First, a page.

Back in August we caught our 4th Pacific Sleeper shark. This animal was tagged with a Wildlife Computers mini-PAT (satellite pop-up tag) and then was released right off Caines Head in Resurrection Bay. The mini-PAT had been scheduled to detach itself 90 days after deployment, which was Monday.
And right on schedule, on Monday, the tag started reporting.
When the tag released from our previous shark, the data suggested that over the course of a 10 day window the animal hadn’t moved out of the general Resurrection Bay area where we had caught it.
For SP18-04, after 90 days of data collection the tag first reported from an inaccessible location west of Montague Island by Prince William Sound, over 90 km away! With winter weather settling in over Alaska, we didn’t have high hopes of being able to go all the way out there to find it….but incredibly, just two days later it had drifted west, rounded Cape Res, and snuck into Resurrection Bay, just as sea conditions were improving.
Now it was within reach of a short boat trip!
Those of you that have seen these dark grey, small and unobtrusive tags, realize how much of a wild goose chase for the proverbial needle in the haystack this was, especially for a tag floating at sea (see our previous blog). Undeterred, with the help of many, we went out to track it down. Our team consisted of: Jared, Richard, Renae, Brandon and me from ASLC, and Nicole and Colby Lawrence as captains from Major Marine. Through Tom Tougas, Major Marine kindly made their M/V Freedom available for a run on very short notice (basically this morning).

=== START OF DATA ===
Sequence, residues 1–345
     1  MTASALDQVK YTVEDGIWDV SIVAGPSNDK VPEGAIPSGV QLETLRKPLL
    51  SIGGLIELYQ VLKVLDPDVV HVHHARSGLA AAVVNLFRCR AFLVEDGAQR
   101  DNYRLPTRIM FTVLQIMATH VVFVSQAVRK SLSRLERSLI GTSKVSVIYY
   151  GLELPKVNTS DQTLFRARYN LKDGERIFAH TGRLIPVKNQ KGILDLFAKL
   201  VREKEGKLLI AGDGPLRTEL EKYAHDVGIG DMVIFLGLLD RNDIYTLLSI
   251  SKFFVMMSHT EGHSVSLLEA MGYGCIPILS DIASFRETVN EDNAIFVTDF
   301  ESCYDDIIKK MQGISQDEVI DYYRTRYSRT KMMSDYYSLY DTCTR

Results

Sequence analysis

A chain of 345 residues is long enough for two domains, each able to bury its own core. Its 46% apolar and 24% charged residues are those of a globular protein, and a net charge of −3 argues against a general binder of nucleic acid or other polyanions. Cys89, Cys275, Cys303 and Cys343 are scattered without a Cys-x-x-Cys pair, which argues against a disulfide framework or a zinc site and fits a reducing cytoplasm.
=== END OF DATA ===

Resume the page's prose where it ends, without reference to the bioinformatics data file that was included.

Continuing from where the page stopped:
We did have an approximate location via the satellite information (Argos / CLS), but the accuracy could only get to to within about ½ mile, and with a 30 min lag. Thankfully, our handy goniometer came to the rescue again (a high tech, $10k RDF for Argos tags) that was expertly set up and operated by Renae and Brandon.
Following the bearing, we maneuvered the boat up to a patch of flotsam in the middle of Resurrection Bay near Calisto Head. After some careful scanning, we saw a small wire sticking out of the patch of kelp! We quickly swooped up the kelp…
The excellent RDF work by Renae, and piloting by Nicole placed us right on top of it, where against all odds we were able to recover the tag in less than an hour at sea.
So, we are now two for two in recovering tags from sharks. As we’ve mentioned before, the recovered tags give us access to much more data than the tags can ever transmit. It felt like striking gold – a gold needle in a haystack (or in this case… a kelp-stack?).
Thanks to all who helped make this happen!!!
Stay tuned for more details on the data we have recovered from these first two tags.
Written by: Markus Horning, ASLC Science Director
This work is funded by a grant from the North Pacific Research Board.
All activities pictured and described here were permitted under ADF&G Aquatic Resource Permit #CF-18-041